Provided by: openbox_3.6.1-8_amd64 bug

NAME

       obamenu - menu generator for the openbox window manager.

DESCRIPTION

       obamenu (openbox automenu) is a menu generator for the openbox window manager. Rather than
       striving for full and complete xdg compliance obamenu offers a reasonable basic  level  of
       xdg compliance and focuses on low resource usage and pragmatic issues.

       obamenu consists of a single python file without any exotic imports. It has been developed
       with Python 2.7 should, however, work fine with any Python > 2.5 (possibly even older) and
       with Python's standard included batteries.

       Usage:

       obamenu

       That's it. No options, no parameters, simple as that. But ...

       As  openbox  users  are  not  afraid of editing config files, a decision was taken to make
       obamenu's configuration powerful yet simple not by command line  üarameters  or  a  config
       file but by having a short config section right within obamenu itself.

       The basic idea

       It  seems  reasonable  to  assume that openbox users are quite different from users of the
       more common and usually monstrous window managers.  And while obamenu is perfectly capable
       to  just splash the usual full menu into your .jwmrc the authors needs (and assumptions on
       other openbox users needs)  and  accordingly  obamenu's  capabilities  are  somewhat  more
       refined.

       First  some  basics. On pretty much any halfway modern Unixoid OS, there is some directory
       with ".desktop" files which contain information  about  applications  needed  by  the  OS;
       things  like  its name, the command, possibly some comment, and so on. On most linuxes and
       BSD this directory is  "/usr/share/applications".  Of  course,  as  with  every  standard,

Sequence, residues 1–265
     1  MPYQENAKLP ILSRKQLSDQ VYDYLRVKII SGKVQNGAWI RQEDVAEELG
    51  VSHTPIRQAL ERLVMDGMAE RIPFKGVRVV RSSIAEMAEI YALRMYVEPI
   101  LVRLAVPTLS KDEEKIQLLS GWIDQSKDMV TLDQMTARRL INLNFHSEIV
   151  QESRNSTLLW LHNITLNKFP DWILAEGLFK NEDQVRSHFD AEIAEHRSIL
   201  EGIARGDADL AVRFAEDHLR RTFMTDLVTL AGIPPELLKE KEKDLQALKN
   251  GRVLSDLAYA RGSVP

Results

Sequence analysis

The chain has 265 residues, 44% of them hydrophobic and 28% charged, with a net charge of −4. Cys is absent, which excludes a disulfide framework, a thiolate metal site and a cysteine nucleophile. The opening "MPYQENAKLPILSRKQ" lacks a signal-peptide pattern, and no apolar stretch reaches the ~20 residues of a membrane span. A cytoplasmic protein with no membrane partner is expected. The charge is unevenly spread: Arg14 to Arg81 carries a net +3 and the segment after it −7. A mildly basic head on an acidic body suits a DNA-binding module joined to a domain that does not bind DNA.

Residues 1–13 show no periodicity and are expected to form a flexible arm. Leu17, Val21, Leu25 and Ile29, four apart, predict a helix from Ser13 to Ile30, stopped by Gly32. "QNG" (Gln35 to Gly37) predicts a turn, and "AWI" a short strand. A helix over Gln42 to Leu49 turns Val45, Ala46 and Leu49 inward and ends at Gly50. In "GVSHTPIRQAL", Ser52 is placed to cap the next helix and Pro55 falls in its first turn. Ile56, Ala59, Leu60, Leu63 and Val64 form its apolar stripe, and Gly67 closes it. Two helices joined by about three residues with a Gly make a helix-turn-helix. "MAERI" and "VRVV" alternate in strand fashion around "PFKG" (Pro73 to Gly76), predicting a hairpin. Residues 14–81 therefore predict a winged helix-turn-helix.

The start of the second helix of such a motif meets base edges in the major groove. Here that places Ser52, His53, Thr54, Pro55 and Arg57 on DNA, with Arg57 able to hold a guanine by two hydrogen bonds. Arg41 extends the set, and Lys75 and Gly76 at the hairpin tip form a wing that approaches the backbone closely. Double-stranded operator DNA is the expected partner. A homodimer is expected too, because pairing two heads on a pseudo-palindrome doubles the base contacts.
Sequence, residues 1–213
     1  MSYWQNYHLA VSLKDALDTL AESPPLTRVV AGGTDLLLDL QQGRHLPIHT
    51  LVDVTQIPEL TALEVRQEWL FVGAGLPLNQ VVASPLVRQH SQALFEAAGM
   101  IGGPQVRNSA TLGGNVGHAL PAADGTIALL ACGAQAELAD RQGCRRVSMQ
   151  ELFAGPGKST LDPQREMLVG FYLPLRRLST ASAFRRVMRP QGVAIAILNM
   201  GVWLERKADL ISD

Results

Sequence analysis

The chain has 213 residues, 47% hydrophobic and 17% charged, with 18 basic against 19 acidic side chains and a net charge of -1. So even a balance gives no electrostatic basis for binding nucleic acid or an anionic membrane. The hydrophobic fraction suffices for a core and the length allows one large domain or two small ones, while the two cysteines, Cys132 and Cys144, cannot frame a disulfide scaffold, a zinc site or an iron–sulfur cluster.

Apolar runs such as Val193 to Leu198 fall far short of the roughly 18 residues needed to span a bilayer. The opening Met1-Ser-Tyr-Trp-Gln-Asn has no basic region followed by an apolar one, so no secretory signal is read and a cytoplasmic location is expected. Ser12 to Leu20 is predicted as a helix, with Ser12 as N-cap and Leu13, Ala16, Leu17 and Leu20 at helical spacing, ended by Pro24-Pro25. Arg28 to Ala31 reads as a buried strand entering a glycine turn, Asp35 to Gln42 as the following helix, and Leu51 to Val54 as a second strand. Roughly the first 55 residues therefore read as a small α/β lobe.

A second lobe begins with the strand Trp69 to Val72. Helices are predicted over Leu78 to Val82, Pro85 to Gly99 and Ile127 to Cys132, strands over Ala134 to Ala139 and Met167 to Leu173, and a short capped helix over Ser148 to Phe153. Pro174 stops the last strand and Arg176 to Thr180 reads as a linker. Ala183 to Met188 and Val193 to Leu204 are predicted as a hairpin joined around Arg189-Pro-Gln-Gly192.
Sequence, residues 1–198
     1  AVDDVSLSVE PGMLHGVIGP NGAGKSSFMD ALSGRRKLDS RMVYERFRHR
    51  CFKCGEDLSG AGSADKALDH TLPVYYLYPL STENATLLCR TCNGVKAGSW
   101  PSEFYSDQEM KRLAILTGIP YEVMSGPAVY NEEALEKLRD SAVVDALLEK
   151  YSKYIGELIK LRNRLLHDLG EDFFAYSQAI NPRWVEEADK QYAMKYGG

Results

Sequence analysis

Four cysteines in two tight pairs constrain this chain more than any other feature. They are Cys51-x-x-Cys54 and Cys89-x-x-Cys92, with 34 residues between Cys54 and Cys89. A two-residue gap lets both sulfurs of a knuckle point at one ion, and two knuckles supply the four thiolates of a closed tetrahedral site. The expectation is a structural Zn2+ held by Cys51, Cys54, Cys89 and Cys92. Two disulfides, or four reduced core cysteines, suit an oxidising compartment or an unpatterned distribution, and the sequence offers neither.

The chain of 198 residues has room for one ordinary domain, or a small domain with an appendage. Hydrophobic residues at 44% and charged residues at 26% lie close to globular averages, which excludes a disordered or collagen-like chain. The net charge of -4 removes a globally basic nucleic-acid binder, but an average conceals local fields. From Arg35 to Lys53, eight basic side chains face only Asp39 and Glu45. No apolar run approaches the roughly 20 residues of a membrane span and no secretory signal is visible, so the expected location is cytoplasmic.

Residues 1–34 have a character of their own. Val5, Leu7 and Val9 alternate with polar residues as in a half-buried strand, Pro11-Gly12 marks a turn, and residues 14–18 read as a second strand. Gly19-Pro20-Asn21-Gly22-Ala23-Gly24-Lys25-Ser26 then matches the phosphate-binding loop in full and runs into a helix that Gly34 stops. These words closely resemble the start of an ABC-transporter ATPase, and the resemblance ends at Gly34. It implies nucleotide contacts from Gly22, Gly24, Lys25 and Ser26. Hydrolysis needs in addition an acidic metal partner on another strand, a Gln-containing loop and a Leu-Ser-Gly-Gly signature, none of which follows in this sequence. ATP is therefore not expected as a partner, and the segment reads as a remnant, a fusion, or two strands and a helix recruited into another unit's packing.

there's  some  idio^H^H^H^H  players  (like Gnome) who don't care that much and dump their
       .desktop files elsewhere and anywhere.  Similarly there is also a place for all those nice
       application  (not  OS!)  icons.  Usually  they  are in "/usr/share/pixmaps".  Last but not
       least, there are "Categories" into which applications are grouped in menus.  Btw,  obamenu
       does not show empty categories to avoid senseless clutter.

       So, let's have a look at a obamenu's config section and its bits and pieces:

       #   ----   config  ---  applications_dirs  =  ("/usr/share/applications",  )  image_dir  =
       "/usr/share/pixmaps"

       application_groups = ("Office",
              "Development",   "Graphics",   "Internet",    "Games",   "System",    "Multimedia",
              "Utility",   "Settings") group_aliases = {"AudioVideo":"Multimedia","Game":"Games",
              "GTK":""}  ignoreList  =  ("evince-previewer",   "python3.4",   "feh","xfce4-power-
              manager-settings" )

       terminal_string = "svte -e"
              # your favourites terminal exec string # --- End of user config ---

       The first one, "applications_dirs" is a list of directories in which .desktop files are to
       be found. The default, which should be fine for most
              users, is where .desktop files are usually put by linux or BSD. Feel  free  to  add
              more, for instance some subdirectory within your $HOME.  The next one, "image_dir",
              is quite similar but is about icon images for applications. A small caveat, though:
              While  most  applications are nicely putting their .desktop files into the standard
              directory, the story with icons is quite different. Particularly the  wm  behemoths
              like  Gnome tend to spread icon files all over the place. Often, for instance, icon
              files are to be found in some obscure  subdirectory  of  "/usr/share/icons"  buried
              deep  depending in the chosen theme and the icon size. The author of obamenu admits
              freely to have taken a rather deliberate choice in that regard by having  image_dir
              be  a  simple string rather than a list, which might seem to be a reasonable way to
              some. The author, however, didn't consider it wise to  play  find  and  catch  with
              ignorance  and  idiosyncrasies  of some parties. He rather chose to use the trusted
              Unix mechanism of links. In other words: You are advised  to  soft  link  all  icon